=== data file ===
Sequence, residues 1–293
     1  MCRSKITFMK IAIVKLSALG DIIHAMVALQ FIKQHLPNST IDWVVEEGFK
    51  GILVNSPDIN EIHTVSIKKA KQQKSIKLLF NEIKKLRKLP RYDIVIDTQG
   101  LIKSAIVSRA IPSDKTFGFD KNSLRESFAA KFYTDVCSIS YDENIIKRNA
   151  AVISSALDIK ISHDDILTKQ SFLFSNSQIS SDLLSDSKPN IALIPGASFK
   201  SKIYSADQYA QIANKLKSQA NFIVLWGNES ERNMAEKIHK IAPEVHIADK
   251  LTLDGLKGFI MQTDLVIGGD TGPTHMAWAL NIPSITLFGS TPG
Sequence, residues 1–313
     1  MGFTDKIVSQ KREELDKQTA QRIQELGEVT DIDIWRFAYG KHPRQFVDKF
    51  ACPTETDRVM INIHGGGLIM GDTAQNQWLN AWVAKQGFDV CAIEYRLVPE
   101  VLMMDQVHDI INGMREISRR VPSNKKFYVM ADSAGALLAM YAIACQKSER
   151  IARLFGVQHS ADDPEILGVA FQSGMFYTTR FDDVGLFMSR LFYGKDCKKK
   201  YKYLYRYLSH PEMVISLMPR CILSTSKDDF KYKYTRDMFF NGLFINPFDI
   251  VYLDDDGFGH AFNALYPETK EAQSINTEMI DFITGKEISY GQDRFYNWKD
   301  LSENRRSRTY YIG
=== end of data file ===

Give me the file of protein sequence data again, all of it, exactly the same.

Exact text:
Sequence, residues 1–293
     1  MCRSKITFMK IAIVKLSALG DIIHAMVALQ FIKQHLPNST IDWVVEEGFK
    51  GILVNSPDIN EIHTVSIKKA KQQKSIKLLF NEIKKLRKLP RYDIVIDTQG
   101  LIKSAIVSRA IPSDKTFGFD KNSLRESFAA KFYTDVCSIS YDENIIKRNA
   151  AVISSALDIK ISHDDILTKQ SFLFSNSQIS SDLLSDSKPN IALIPGASFK
   201  SKIYSADQYA QIANKLKSQA NFIVLWGNES ERNMAEKIHK IAPEVHIADK
   251  LTLDGLKGFI MQTDLVIGGD TGPTHMAWAL NIPSITLFGS TPG
Sequence, residues 1–313
     1  MGFTDKIVSQ KREELDKQTA QRIQELGEVT DIDIWRFAYG KHPRQFVDKF
    51  ACPTETDRVM INIHGGGLIM GDTAQNQWLN AWVAKQGFDV CAIEYRLVPE
   101  VLMMDQVHDI INGMREISRR VPSNKKFYVM ADSAGALLAM YAIACQKSER
   151  IARLFGVQHS ADDPEILGVA FQSGMFYTTR FDDVGLFMSR LFYGKDCKKK
   201  YKYLYRYLSH PEMVISLMPR CILSTSKDDF KYKYTRDMFF NGLFINPFDI
   251  VYLDDDGFGH AFNALYPETK EAQSINTEMI DFITGKEISY GQDRFYNWKD
   301  LSENRRSRTY YIG